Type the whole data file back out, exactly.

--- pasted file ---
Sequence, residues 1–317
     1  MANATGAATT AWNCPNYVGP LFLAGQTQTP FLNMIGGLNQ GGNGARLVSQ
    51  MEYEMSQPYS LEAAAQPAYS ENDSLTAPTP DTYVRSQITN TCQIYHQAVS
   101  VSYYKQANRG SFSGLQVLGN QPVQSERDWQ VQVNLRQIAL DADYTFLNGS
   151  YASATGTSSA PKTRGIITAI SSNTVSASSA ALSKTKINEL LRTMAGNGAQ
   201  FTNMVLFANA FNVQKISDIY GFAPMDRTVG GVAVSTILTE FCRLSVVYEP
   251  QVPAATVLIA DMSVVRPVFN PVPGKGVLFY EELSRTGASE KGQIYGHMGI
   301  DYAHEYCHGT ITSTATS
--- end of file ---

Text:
Sequence, residues 1–317
     1  MANATGAATT AWNCPNYVGP LFLAGQTQTP FLNMIGGLNQ GGNGARLVSQ
    51  MEYEMSQPYS LEAAAQPAYS ENDSLTAPTP DTYVRSQITN TCQIYHQAVS
   101  VSYYKQANRG SFSGLQVLGN QPVQSERDWQ VQVNLRQIAL DADYTFLNGS
   151  YASATGTSSA PKTRGIITAI SSNTVSASSA ALSKTKINEL LRTMAGNGAQ
   201  FTNMVLFANA FNVQKISDIY GFAPMDRTVG GVAVSTILTE FCRLSVVYEP
   251  QVPAATVLIA DMSVVRPVFN PVPGKGVLFY EELSRTGASE KGQIYGHMGI
   301  DYAHEYCHGT ITSTATS